Editorial: The publication of geoscientific model developments v1.0 GMD Executive Editors *J. Annan, J. Hargreaves, D. Lunt (Chief Editor), A. Ridgwell, I. Rutt and R. Sander
Published: 14 Aug 2013
Abstract. In 2008, the first volume of the European Geosciences Union (EGU) journal Geoscientific Model
Development (GMD) was published. GMD was founded because we perceived there
to be a need for a space to publish comprehensive descriptions of numerical
models in the geosciences. The journal is now well established, with the
submission rate increasing over time. However, there are several aspects of
model publication that we believe could be further improved. In this
editorial we assess the lessons learned over the first few years of the
journal's life, and describe some changes to GMD's editorial policy, which
will ensure that the models and model developments are published in such a
way that they are of maximum value to the community.
These changes to editorial policy mostly focus on improving the rigour of the
review process through a stricter requirement for access to the materials
necessary to test the behaviour of the models.
Throughout this editorial, "must" means that the stated actions are required,
and the paper cannot be published without them; "strongly encouraged" means
that we encourage the action, but papers can still be published if the
criteria are not met; "may" means that the action may be carried out by the
authors or referees, if they so wish.
We have reviewed and rationalised the manuscript types into five new
categories. For all papers which are primarily based on a specific
numerical model, the changes are as follows:
– The paper must be accompanied by the code, or means of accessing
the code, for the purpose of peer-review. If the code is normally
distributed in a way which could compromise the anonymity of the
referees, then the code must be made available to the editor. The
referee/editor is not required to review the code in any way, but they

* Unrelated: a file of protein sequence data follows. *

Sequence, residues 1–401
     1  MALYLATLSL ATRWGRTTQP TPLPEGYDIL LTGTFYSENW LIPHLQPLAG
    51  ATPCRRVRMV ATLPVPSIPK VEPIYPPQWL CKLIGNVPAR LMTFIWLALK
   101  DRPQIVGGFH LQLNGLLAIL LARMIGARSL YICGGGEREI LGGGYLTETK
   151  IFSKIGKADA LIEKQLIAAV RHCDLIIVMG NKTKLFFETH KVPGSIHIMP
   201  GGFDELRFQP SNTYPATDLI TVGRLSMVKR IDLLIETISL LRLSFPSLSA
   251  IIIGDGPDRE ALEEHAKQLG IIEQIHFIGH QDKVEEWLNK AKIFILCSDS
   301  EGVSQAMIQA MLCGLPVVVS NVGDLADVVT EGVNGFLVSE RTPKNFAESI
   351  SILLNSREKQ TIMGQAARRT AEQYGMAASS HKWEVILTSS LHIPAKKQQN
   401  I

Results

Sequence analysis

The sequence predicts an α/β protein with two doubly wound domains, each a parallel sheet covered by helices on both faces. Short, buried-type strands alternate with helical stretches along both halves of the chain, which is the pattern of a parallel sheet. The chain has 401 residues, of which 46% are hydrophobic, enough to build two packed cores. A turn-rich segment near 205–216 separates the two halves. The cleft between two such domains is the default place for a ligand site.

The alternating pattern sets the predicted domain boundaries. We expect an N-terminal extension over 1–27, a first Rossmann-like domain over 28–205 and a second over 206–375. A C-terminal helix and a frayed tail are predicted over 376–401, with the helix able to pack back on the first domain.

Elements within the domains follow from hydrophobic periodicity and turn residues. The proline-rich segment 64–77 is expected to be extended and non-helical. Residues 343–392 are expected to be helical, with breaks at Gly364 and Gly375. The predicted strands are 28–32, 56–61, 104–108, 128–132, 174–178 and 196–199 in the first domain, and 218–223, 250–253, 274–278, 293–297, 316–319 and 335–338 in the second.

may do so if they so wish.
– All papers must include a section at the end of the paper
entitled "Code availability". In this section, instructions
for obtaining the code (e.g. from a supplement, or from
a website) should be included; alternatively, contact information should be given
where the code can be obtained on request, or the reasons why the
code is not available should be clearly stated.
– We strongly encourage authors to upload any user manuals associated with the code.
– For models where this is practicable, we strongly encourage
referees to compile the code, and run test cases supplied by the
authors where appropriate.
– For models which have been previously described in the "grey"
literature (e.g. as internal institutional documents), we strongly
encourage authors to include this grey literature as a supplement, when this is allowed by the original authors.
– All papers must include a model name and version number (or
other unique identifier) in the title.
It is our perception that, since Geoscientific Model Development (GMD)
was founded, it has become increasingly common to see model descriptions
published in other more traditional journals, so we hope that our
insights may be of general value to the wider geoscientific community.
Citation: GMD Executive Editors: Editorial: The publication of geoscientific model developments v1.0, Geosci. Model Dev., 6, 1233-1242, doi:10.5194/gmd-6-1233-2013, 2013.